Inovio needs to get through a PII of one or two of their more promising vaccines before a big pharma will join them. This latest offering stinks for us holders but it's allowing Inovio to see these trials trials through completion. I don't think Inovio has any intention of going through a PIII without a partner. I'll be surprised if they get a partner before any PII are completed.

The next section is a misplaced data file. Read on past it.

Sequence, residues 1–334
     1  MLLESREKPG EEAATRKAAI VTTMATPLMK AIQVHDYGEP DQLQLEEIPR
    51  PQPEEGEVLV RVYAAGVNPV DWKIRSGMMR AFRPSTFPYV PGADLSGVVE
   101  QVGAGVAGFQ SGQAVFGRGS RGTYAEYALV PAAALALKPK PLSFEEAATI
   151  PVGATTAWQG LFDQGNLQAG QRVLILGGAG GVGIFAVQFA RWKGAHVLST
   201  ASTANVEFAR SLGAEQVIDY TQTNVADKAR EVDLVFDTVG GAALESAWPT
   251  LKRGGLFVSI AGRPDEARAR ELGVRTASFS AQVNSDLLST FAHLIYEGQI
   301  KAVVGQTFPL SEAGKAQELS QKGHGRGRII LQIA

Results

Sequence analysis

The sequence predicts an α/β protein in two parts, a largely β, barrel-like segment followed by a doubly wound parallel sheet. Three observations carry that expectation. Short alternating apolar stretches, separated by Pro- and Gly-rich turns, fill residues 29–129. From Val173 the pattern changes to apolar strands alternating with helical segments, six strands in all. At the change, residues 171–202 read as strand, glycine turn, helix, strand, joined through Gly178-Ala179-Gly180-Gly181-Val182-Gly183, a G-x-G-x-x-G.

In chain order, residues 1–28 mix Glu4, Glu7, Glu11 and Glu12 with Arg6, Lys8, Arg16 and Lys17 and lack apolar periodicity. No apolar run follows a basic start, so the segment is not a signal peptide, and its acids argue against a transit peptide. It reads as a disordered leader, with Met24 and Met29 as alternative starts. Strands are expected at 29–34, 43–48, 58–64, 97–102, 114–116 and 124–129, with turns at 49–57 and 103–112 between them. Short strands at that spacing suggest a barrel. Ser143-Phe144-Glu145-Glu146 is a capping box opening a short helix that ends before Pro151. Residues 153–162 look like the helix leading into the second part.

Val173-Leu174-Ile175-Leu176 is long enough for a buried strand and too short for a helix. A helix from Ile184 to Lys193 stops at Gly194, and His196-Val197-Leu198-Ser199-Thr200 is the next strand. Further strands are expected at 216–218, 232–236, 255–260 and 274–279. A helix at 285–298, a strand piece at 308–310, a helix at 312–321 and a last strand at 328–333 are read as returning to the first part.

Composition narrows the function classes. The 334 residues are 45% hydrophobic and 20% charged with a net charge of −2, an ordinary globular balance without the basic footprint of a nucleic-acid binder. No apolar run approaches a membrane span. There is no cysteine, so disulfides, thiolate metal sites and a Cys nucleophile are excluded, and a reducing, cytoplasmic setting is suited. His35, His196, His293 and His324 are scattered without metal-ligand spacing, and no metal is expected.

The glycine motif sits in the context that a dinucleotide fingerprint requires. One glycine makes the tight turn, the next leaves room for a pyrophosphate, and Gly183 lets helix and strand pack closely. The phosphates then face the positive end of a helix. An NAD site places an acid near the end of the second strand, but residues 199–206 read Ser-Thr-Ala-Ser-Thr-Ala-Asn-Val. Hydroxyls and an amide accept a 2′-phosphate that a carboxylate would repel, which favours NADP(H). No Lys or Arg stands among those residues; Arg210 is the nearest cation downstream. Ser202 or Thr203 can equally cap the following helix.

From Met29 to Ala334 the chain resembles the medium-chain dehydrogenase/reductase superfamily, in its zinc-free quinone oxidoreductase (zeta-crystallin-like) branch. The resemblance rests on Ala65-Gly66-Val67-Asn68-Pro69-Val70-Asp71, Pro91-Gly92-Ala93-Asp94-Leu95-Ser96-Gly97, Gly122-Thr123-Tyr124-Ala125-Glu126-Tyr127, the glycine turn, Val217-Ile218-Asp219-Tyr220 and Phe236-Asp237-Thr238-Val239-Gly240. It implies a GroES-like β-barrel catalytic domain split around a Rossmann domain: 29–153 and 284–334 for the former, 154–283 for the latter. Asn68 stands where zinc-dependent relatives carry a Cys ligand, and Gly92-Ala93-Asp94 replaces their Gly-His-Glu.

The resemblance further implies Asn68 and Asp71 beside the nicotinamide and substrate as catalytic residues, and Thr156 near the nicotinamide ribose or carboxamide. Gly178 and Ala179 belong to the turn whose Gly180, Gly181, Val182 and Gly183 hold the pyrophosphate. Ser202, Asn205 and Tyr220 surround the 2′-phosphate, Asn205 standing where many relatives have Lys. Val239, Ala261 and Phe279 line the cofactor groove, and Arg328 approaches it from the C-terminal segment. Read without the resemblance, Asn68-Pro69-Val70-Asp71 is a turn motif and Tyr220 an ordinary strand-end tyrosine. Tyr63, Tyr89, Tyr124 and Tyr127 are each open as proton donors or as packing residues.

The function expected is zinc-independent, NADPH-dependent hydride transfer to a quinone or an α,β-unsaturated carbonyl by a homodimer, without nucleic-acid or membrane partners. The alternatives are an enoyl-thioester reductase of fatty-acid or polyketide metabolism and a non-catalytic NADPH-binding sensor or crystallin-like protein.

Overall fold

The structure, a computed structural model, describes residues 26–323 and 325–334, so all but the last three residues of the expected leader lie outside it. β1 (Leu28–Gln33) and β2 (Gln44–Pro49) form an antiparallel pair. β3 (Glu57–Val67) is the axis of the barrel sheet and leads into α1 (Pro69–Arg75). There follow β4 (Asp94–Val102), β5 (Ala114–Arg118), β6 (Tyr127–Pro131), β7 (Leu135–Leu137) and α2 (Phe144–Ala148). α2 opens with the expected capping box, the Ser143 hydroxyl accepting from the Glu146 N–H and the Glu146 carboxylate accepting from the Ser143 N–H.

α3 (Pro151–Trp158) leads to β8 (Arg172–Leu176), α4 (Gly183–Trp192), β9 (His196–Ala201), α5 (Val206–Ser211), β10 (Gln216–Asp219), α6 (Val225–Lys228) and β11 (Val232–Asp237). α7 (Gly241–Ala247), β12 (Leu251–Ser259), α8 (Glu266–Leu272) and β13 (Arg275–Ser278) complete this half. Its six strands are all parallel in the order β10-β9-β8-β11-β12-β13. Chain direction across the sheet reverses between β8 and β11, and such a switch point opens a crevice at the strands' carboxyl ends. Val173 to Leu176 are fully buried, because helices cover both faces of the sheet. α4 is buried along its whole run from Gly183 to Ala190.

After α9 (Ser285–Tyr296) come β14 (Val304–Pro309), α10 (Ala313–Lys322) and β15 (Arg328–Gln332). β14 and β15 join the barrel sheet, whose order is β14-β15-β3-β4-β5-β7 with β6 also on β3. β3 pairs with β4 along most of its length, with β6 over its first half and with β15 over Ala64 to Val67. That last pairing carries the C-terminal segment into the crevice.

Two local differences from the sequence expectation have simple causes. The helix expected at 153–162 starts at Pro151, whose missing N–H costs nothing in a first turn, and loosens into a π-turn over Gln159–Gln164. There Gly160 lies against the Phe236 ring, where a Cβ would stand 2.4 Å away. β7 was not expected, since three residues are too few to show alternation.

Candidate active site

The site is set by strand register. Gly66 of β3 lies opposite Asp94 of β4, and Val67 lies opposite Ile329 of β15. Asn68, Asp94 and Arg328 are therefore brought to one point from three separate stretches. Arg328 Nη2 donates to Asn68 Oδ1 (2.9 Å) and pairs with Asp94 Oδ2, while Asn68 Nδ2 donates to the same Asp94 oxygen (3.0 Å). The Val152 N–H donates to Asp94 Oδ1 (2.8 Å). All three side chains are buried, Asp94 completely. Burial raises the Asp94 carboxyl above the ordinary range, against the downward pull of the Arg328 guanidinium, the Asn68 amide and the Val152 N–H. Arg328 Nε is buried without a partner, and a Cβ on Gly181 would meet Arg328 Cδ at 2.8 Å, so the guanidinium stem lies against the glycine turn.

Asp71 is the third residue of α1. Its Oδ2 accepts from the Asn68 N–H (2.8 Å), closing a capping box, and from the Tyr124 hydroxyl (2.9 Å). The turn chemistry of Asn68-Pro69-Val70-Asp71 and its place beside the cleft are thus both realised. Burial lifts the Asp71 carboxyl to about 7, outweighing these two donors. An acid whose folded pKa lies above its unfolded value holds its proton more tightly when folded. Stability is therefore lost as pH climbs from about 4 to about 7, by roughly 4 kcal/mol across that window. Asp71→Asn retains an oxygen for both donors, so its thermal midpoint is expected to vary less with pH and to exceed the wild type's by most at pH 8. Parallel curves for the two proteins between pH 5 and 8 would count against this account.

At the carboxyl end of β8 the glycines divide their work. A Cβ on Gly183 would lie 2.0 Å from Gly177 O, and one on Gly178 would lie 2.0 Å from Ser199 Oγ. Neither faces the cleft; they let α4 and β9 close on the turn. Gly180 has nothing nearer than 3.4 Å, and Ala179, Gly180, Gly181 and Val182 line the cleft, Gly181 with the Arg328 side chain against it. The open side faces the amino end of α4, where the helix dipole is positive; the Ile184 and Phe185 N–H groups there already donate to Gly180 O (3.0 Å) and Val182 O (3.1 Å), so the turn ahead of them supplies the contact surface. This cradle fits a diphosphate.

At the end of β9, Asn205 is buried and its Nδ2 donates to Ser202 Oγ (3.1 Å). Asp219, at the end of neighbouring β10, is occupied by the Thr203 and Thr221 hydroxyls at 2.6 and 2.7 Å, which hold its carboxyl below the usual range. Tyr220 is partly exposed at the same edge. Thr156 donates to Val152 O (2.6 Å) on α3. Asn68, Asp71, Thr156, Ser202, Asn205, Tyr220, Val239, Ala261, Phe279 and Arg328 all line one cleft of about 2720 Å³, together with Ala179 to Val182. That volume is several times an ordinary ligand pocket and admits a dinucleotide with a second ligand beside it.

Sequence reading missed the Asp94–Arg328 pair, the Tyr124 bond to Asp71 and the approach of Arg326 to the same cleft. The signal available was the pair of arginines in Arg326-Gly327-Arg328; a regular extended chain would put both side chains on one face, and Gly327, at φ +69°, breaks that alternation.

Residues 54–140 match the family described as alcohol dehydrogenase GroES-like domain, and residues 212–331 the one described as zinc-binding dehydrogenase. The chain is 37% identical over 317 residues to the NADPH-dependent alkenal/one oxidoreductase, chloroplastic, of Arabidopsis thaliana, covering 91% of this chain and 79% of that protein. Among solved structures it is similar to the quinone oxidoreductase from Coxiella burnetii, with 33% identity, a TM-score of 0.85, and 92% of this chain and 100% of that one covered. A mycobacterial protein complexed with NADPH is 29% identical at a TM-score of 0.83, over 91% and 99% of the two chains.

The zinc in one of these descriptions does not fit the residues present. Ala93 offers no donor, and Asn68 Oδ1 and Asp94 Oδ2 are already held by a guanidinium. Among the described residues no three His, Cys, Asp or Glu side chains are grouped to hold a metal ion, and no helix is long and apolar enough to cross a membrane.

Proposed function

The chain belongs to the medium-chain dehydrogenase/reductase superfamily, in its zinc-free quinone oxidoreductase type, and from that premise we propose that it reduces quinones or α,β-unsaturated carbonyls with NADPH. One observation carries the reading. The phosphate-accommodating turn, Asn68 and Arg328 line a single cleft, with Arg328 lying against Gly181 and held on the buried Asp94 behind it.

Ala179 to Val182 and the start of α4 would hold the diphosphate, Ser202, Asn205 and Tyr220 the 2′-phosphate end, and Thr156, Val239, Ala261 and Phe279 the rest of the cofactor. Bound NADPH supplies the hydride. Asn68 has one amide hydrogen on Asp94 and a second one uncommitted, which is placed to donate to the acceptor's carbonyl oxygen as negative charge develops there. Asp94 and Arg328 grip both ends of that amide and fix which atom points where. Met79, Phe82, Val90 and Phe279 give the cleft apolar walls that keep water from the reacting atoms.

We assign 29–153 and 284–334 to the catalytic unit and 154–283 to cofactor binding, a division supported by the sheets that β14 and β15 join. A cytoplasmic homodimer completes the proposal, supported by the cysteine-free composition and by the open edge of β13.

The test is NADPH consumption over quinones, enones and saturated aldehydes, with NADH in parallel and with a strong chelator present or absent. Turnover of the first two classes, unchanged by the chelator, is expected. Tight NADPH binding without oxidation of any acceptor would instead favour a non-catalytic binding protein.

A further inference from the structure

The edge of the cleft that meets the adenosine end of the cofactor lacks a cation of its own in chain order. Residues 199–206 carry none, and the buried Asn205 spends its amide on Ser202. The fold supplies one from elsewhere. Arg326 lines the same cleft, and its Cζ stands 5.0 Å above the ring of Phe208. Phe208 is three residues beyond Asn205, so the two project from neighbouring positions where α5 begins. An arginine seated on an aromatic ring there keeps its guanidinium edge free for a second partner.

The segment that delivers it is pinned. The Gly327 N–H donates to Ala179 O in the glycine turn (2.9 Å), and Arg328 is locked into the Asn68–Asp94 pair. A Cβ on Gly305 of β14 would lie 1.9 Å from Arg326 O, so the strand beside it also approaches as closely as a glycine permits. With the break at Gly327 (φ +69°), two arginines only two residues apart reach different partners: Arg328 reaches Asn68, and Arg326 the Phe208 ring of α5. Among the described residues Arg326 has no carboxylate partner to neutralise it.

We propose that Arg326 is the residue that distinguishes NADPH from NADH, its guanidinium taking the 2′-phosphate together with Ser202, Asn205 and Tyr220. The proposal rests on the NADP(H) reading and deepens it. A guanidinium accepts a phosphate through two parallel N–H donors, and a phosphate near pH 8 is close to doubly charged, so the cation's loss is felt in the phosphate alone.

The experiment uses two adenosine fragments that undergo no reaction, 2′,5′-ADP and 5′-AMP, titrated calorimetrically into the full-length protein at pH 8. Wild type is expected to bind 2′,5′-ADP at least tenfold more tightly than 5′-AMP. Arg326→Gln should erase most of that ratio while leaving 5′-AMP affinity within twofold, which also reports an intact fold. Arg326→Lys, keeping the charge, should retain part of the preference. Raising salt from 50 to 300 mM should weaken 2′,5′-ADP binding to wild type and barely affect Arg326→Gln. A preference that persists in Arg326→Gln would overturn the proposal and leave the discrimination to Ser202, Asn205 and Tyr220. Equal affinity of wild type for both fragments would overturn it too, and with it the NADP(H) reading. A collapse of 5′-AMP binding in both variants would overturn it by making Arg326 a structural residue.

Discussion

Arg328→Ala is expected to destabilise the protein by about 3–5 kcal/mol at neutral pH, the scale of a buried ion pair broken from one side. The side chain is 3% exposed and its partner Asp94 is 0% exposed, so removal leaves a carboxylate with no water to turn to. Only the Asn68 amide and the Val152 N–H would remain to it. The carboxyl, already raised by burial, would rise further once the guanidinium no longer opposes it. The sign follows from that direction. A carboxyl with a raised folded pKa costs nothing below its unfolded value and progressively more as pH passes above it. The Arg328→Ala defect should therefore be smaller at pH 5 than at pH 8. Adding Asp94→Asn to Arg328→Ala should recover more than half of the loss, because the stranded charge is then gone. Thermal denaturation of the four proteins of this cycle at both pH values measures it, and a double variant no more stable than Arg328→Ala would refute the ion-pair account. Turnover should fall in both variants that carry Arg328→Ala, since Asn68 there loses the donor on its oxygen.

Inovio will have to complete a Phase IIb (which is Phase III enabling). The FDA pathway is very structured, but can be expedited. A Phase IIa would be escalating safety (ie., increasing the dose or increasing the frequency of administration) and demonstrating that there is no increased risk to the patient from escalating the dose. There is also the "secondary clinical criteria" that generally include some sort of demonstration that clinical efficacy is achieved. Since Inovio deals in vaccines, there is only a thresh hold dose. That is the dose at which an immune response occurs. Increasing the amount of a vaccine causes no greater immune response, hence they only need to identify the dose at which the immune system gets turned on. Usually one milligram of an antigen in a vaccine is a huge amount. The immune system has "memory" which is why the second dose produces a larger amount of circulating antibody. The antibody response has to be "neutralizing" which means it conbines with whatever the disease virus is and makes it large enough that the white blood cells, or the fixed macrophages in the liver and elsewhere, will engulf and clear the virus. But since there is competition for a Hep C vaccine, there is no expedited pathway. In other words several companies have started clinical trials and are hoping to get to a Phase III. There is actually one Phase III planned on clinicaltrialsDOTgov among the 60 plus studies that are "interventional" and at least Phase II. term